Monday, 24 August 2009

Phillip Walker ”The Bottom Of The Top”

Phillip Walker

”The Bottom Of The Top”
( LP Playboy Records, 1973 )
Catalog # 93231

Tracklisting:
01. I Can’t Lose With the Stuff I Use Williams, L. 2:56
02. Tin Pan Alley Geddins, Robert 5:04
03. Hello Central Hopkins, Lightnin’ 3:32
04. Hello, My Darling Walker, Phillip 2:04
05. Laughing and Clowning Cooke, Sam 3:46
06. Crazy Girl Hunter, J. 3:41
07. It’s All in Your Mind Walker, Phillip 3:25
08. The Bottom of the Top Johnson, J. 3:22
09. Hey, Hey Baby’s Gone Walker, Phillip 3:32
10. Cryin’ Time Owens, Buck 3:14
11. The Struggle – 2.43 (Bonus Track)

Personnel:
Phillip Walker (guitar,vocals)
Dennis Walker, Charles Jones, Curtis Johnson (bass)
Johnny Tucker, Glen McTeer (drums)
Nat Dove, Teddy Reynolds, Arthur Woods, Teddy Vaughn (keys)
Bea Bopp Walker (vocals)
Freeman Lacy, Samuel Cross, Ike Williams, David Li, Joel Peskin,
Chops Anthony, Sammy Coleman (horns)

Notes:
*Reissued in I989 on HIGHTONE RECORDS.

Review:
There weren’t many blues albums issued during the early ’70s that hit harder than this one. First out on the short-lived Playboy logo, the set firmly established Walker as a blistering axeman sporting enduring Gulf Coast roots despite his adopted L.A. homebase. Of all the times he’s cut the rocking “Hello My Darling,” this is indeed the hottest, while his funky, horn-driven revival of Lester Williams’s “I Can’t Lose (With the Stuff I Lose)” and his own R&B-drenched “It’s All in Your Mind” are irresistible. After-hours renditions of Sam Cooke’s “Laughing & Clowning” and Long John Hunter’s “Crazy Girl” are striking vehicles for Walker’s twisting, turning guitar riffs and impassioned vocal delivery.
Phillip Walker (born February 11, 1937, Welsh, Louisiana) is a contemporary blues guitarist most noted for his 1959 hit single, “Hello My Darling”, produced by J.R. Fulbright. Although Walker has continued playing since then, he has recorded fairly sparsely.
Walker grew up on the Texas Gulf Coast, and by his mid-teens was playing guitar in Houston. He rubbed shoulders with Lonesome Sundown (whom he would work again in the 1970s) and Lonnie Brooks. In the mid-1950s he had a spell in Clifton Chenier’s band.[1] He spent the 1960s in Los Angeles, California leading a band that played a catholic repertoire of the R&B charts, joined by his singing wife Ina, alias Bea Bopp. Singles furnished his album The Bottom of the Top (Playboy, 1973), succeeded by sets for Joliet, Rounder, Hightone, JSP and Black Top.
Walker is also known for his variety of styles and the changes he would often make for each album. Not until 1969 did he begin to record more regularly when he joined with producer Bruce Bromberg. Since then, fans of the blues guitarist have had a more steady supply of Walker’s music.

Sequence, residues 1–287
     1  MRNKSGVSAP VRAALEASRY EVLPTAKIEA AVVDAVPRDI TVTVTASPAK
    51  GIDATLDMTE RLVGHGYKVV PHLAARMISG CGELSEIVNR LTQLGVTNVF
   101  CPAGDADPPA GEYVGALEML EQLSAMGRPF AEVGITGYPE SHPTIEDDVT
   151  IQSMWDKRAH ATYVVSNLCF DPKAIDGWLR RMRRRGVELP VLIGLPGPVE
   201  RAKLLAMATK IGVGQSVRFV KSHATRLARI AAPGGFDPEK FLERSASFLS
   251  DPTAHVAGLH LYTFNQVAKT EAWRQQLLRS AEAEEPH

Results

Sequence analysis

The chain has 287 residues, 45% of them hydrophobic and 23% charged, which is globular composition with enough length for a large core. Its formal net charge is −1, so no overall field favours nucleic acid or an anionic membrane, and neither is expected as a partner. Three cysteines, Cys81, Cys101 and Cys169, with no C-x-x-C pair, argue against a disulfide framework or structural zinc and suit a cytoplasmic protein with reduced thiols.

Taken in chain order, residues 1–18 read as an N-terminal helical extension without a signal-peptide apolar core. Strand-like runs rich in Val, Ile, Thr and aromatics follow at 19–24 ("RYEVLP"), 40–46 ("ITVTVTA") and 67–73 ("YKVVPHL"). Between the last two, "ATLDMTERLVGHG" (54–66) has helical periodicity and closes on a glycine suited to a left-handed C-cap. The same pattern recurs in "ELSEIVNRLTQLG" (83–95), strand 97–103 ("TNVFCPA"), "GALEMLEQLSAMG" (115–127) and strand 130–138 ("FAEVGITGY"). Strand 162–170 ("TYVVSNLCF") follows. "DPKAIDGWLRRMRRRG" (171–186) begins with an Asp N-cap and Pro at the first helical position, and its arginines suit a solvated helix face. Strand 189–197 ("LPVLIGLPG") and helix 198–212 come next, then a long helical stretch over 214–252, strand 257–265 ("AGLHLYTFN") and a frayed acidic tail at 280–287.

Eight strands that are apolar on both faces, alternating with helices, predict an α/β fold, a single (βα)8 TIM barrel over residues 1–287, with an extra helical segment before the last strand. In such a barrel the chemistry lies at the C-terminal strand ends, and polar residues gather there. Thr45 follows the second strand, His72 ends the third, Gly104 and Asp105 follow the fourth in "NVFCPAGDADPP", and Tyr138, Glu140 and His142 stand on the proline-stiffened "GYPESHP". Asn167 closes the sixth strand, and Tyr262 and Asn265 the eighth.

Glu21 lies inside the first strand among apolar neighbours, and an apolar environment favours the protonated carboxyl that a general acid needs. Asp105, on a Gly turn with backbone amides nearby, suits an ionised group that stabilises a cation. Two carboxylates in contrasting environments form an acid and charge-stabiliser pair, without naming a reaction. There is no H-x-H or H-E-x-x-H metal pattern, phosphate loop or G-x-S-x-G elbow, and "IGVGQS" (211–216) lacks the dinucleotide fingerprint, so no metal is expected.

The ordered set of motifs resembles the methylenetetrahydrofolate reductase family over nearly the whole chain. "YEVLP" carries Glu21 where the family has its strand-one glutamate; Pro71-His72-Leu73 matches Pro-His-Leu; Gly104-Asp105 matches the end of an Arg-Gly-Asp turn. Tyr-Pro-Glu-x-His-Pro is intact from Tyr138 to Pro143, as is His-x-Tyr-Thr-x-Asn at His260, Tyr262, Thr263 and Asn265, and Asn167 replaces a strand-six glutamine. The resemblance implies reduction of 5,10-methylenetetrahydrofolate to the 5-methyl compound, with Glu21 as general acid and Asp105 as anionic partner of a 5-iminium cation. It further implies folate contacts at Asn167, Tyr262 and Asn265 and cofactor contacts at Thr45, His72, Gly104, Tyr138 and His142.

Walker’s latest studio release is Going Back Home (2007) on Delta Groove Productions.
Despite recording somewhat sparingly since debuting as a leader in 1959 on Elko Records with the storming rocker “Hello My Darling,” Louisiana-born guitarist Phillip Walker enjoys a sterling reputation as a contemporary blues guitarist with a distinctive sound honed along the Gulf Coast during the 1950s. A teenaged Walker picked up his early licks around Port Arthur, TX, from the likes of Gatemouth Brown, Long John Hunter, Lightnin’ Hopkins, and Lonnie “Guitar Junior” Brooks. Zydeco king Clifton Chenier hired Walker in 1953 as his guitarist, a post he held for three and a half years. In 1959, Walker moved to Los Angeles, waxing “Hello My Darling” for producer J.R. Fulbright (a song he’s revived several times since, most effectively for the short-lived Playboy logo). Scattered 45s emerged during the ’60s, but it wasn’t until he joined forces with young producer Bruce Bromberg in 1969 that Walker began to get a studio foothold. Their impressive work together resulted in a 1973 album for Playboy (reissued by HighTone in 1989), The Bottom of the Top, that remains Walker’s finest to date. Walker cut a fine follow-up set for Bromberg’s Joliet label, Someday You’ll Have These Blues, that showcased his tough Texas guitar style (it was later reissued by Alligator). Sets for Rounder and HighTone were high points of the 1980s for the guitarist, and 1994’s Big Blues from Texas (reissued in 1999) continued his string of worthy material. His 1995 set for Black Top, Working Girl Blues, shows Walker at peak operating power, combining attractively contrasting tracks waxed in New Orleans and Los Angeles. I Got a Sweet Tooth followed in 1998, and displayed no letdown in quality or power. Walker got together with fellow blues legends Lonnie Brooks and Long John Hunter in 1999 to record Lone Star Shootout for Alligator. Walker is featured as lead vocalist on four tracks and backs the others on the rest of the record. In the fall of 2002, a live recording of a spring concert was released on M.C. Records.
By Bill Dahl (AMG)

By Pier

4 comments:

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melkasoul said...

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